THR remembers The Hollywood Blacklist

November 25th, 2012 by

Fascinating Hollywood Reporter article about an event that began 65 years ago today. Here’s the start of the piece:

Billy Wilkerson was nervous. It was July 1946, and The Hollywood Reporter owner, editor and publisher was preparing to embark on a landmark campaign that would expose communists working in Hollywood. He would name the alleged Reds in his “Tradeviews” column and expose this lurking menace.

Wilkerson already had begun his crusade a year or so earlier, penning fiery editorials that railed against communism and targeted the Screen Writers Guild, the WGA precursor that he believed was the seat of what he termed the “Red Beachhead.” But this would be different. Wilkerson — who was mustachioed, 5-foot-7 and had a penchant for pinstripe suits — was going to brand people like Spartacus screenwriter Dalton Trumbo and Casablanca co-writer Howard Koch as leftists and communist sympathizers.

But the stakes were high. The possibility of a boycott of Wilkerson’s trade newspaper, which he founded in 1930 and kept afloat through the Great Depression, loomed large. And there were moral considerations: He was, after all, going to damage hundreds of lives — perhaps many more.

So Wilkerson turned to his religion. He went to confession.

The Blessed Sacrament Church in Hollywood was located just two blocks down Sunset Boulevard from The Reporter‘s office. It was a Saturday, and Wilkerson, then 56, made his way over to the soaring Roman Catholic edifice, which was the site of Bing Crosby‘s first marriage. Built in the Italian Renaissance style, the church could accommodate more than 1,000 people. But on this afternoon, as Wilkerson slipped into the confessional, he only wanted to speak with one person: Father Cornelius J. McCoy.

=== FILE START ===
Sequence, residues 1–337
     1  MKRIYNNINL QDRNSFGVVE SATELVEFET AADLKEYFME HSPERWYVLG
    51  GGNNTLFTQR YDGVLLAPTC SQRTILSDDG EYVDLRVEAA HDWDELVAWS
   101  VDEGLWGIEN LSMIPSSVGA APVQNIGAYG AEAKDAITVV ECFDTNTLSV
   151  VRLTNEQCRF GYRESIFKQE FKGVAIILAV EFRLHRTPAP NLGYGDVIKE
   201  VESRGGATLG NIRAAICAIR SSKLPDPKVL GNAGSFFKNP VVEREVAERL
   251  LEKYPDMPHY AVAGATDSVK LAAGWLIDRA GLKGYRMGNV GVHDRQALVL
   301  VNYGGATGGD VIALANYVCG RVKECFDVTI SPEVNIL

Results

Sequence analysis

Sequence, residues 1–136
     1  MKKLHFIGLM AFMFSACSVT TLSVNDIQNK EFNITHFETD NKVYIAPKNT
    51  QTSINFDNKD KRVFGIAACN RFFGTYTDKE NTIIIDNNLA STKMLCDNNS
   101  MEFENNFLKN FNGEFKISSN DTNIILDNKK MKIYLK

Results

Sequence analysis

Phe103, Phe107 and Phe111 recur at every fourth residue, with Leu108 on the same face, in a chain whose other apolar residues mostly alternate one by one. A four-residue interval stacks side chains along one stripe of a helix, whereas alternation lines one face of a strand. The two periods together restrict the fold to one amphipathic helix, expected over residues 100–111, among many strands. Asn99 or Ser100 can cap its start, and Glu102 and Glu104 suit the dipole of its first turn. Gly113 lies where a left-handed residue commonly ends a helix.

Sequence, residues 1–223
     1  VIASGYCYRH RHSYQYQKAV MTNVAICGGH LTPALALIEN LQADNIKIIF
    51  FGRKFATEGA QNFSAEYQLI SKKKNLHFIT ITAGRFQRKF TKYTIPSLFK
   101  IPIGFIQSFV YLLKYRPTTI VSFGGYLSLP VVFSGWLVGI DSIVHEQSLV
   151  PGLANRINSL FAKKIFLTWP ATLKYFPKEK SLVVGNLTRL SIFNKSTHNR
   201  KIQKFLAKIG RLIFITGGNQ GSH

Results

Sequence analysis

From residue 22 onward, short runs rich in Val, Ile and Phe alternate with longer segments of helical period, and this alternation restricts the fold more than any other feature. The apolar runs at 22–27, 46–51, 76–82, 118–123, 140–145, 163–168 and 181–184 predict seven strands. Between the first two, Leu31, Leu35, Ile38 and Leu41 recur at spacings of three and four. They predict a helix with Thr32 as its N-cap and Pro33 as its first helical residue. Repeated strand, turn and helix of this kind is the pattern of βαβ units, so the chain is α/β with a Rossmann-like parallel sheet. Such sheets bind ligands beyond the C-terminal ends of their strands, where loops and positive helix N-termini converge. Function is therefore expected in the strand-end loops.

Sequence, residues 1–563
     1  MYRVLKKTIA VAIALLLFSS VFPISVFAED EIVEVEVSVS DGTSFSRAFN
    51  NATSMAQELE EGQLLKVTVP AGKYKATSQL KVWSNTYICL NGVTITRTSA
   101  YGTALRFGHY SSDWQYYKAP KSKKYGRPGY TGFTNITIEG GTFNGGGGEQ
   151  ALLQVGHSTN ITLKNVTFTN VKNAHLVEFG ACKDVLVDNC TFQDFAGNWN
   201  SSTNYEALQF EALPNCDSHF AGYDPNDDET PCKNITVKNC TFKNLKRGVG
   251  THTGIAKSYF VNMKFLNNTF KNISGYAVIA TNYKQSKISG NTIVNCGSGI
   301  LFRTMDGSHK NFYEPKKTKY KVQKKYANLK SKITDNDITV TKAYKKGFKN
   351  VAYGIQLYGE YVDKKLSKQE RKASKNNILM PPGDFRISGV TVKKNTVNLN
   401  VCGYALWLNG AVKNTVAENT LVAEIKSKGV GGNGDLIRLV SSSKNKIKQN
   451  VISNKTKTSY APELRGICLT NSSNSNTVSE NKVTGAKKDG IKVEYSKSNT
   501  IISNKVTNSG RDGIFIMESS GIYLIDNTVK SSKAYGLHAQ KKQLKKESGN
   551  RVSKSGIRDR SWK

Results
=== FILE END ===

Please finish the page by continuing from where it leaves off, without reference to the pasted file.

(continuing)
“Father, I’m launching a campaign, and it’s gonna cause a lot of hurt. But they are, you know, antipathetic to my faith. They are my natural enemies. And I just need to know what to do,” Wilkerson said. “You know, father, I’m having misgivings about doing this campaign.”

Wilkerson waited for an answer. All across Tinseltown, livelihoods — and lives — hung in the balance.

“Get those bastards, Billy,” McCoy replied.

On July 29, Wilkerson published a “Tradeviews” column that included the names of Trumbo, Koch and nine other Hollywood players the THR editor branded as communist sympathizers. “This is not an issue that concerns merely a few hundred writers,” he wrote. “It concerns millions of readers who must depend upon the free trade of ideas. … It concerns still more millions of children — who can’t read yet — but who were born with the right to hope for a free world.” The column was a pivotal one, sealing the fate of Wilkerson and the people he’d gone after. Ultimately, eight of the 11 men would be blacklisted. And Hollywood would never be the same.

Wilkerson’s son wrote a formal apology that appeared in THR this week: